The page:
He says a lot. I’ll try to address piece by piece.
Next, some people have shown interest in this paper by Diamond and Saez. A key result that seemed to get these people excited is the calculation of a top optimal marginal tax rate (including all taxes) of 73%, relative to the current rate of 42.5%. There are two key assumptions that Diamond and Saez make to come up with the 73% optimal rate. First, we should not care about the welfare (at the margin) of the rich people. This argument is based solely on the notion that marginal utility of income is low for the top income-earners. Second, Diamond and Saez use a "behavioral elasticity" of tax revenue with respect to the tax rate of 0.25. To see how this matters, if you use their formula and an elasticity of one, you get an optimal top tax rate of 40%.
This is definitely right. How people respond to taxes is a big deal. This is especially true for the very wealthy.
Now, I know it is fashionable to dump on rich people, but I’m not sure we want to discount their welfare as much as Diamond and Saez want to. Preferences will matter here. For example, if we take internal habit persistence seriously, as some people like to, that could make us want to weight the rich and poor equally, by Diamond and Saez’s logic. I’m not committed to habit persistence, but there may be some features of behavior that are not consistent with log utility, for example. Further, Diamond and Saez are thinking in static terms. In reality, there is mobility within the income distribution, and how much mobility is an important issue here. Given mobility within the income distribution, we all care, for selfish reasons, about how the rich are treated, as we all could be rich some day, or our descendants could be rich.
This argument cuts both ways though and indeed supports higher tax rates. For D&S the “function” of higher tax rates is to ease the burden on lower income folks.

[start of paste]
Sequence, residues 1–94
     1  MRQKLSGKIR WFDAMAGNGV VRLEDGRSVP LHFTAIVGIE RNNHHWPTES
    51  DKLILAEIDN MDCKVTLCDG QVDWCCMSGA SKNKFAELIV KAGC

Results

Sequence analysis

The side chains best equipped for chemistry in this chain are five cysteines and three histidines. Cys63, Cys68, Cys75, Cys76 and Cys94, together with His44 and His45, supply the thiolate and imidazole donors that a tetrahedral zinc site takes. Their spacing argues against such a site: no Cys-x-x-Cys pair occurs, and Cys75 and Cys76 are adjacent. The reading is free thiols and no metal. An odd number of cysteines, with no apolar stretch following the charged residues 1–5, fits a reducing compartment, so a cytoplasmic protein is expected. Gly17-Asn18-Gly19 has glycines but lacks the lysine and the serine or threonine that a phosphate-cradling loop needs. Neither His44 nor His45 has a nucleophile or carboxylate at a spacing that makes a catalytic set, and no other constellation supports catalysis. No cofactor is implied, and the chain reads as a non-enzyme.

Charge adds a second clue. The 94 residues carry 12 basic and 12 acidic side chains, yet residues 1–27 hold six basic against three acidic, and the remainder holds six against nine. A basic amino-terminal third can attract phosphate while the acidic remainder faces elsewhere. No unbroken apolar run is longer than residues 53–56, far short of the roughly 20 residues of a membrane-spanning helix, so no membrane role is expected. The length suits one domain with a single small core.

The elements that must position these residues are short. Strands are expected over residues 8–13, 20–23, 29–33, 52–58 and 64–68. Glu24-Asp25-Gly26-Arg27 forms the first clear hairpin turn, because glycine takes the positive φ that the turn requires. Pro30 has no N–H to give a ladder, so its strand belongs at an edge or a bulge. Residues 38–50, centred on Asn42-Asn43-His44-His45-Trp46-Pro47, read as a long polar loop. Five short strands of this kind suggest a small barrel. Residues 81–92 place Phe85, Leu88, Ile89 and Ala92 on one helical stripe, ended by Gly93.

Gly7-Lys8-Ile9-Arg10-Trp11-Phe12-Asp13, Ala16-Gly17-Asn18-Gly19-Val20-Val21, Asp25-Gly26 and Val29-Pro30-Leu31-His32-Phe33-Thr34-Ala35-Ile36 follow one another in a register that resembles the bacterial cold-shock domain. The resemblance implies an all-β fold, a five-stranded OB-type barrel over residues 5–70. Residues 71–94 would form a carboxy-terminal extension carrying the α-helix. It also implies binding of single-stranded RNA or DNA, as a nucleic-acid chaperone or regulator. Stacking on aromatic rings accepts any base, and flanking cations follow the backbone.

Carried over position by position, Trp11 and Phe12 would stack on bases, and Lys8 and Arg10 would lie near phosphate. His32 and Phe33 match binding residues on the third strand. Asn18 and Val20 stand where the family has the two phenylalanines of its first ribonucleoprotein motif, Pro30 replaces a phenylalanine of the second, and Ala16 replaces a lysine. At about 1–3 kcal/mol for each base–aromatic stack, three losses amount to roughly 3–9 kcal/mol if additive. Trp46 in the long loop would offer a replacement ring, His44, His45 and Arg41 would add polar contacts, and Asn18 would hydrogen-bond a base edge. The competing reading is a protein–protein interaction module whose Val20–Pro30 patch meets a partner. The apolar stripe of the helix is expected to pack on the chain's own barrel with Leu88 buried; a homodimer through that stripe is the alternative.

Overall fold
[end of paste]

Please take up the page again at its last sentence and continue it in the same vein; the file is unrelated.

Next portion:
If people might both be lower income and higher income, or have uncertainty about their children’s income then you want more progressivity not less. That’s because progressivity functions like insurance. It helps you when times are bad but hurts you when times are good, thus smoothing out overall fluctuations.
Importantly – and I actually think this is the right way to think about it – it serves as insurance for unborn generations. If your grandchild might be rich then she might also be poor. It would be natural to want to write a social insurance contract whereby we agreed that the rich grandchildren would give to the poor, thus making us all feel more secure about the economic future of our grandchildren.
Though I do think people don’t take into account the enormous assumption you are making when you use log utility and of course my hobby-horse, the separable log. Effects that actual human beings talk about on a daily basis simply disappear automatically when you use that functional form.
Finally, I have no idea where that "behavioral elasticity" is coming from, and I don’t trust it. My best guess is that it includes none of the factors that I think are important in addressing the problem. What we need here is a dynamic general equilibrium model that can take account of the short run and long run effects of a change in the income tax schedule. My best guess is that "behavioral elasticity" means that Diamond and Saez are measuring the effects of tax evasion and the intensive margin of labor supply, and that’s all. If so, I think they miss most of what is important:
I am all about a dynamic GE model but the results don’t sound crazy to me.
1. There’s also an extensive margin. Tax people at a higher rate, and some drop out of the labor force